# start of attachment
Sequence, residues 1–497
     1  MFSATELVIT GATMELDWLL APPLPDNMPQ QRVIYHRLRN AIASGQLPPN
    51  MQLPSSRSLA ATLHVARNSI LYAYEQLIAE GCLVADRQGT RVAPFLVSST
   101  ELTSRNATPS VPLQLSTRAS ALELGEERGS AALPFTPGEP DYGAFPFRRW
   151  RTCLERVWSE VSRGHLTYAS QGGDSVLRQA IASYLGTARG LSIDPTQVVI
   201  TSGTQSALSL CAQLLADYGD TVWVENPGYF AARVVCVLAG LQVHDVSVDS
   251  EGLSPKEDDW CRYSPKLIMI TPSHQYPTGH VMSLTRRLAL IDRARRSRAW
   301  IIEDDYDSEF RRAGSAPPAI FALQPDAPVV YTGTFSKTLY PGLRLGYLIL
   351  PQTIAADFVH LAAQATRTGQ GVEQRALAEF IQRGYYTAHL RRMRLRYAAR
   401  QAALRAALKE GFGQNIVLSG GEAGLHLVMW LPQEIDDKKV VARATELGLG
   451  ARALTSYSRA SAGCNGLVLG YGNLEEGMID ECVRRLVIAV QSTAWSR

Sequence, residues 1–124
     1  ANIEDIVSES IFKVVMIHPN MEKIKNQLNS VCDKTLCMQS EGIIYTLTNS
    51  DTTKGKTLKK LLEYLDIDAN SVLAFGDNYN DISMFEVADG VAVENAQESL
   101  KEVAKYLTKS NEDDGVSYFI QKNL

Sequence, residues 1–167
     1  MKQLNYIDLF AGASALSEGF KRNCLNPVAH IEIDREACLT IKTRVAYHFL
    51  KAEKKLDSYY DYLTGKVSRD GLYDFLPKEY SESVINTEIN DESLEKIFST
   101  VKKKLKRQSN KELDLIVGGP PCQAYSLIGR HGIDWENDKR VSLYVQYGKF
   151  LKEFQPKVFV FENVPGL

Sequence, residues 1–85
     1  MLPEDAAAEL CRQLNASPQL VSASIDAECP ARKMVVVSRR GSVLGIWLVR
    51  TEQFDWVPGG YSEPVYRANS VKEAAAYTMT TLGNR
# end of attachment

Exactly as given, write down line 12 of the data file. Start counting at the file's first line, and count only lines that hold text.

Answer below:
Sequence, residues 1–124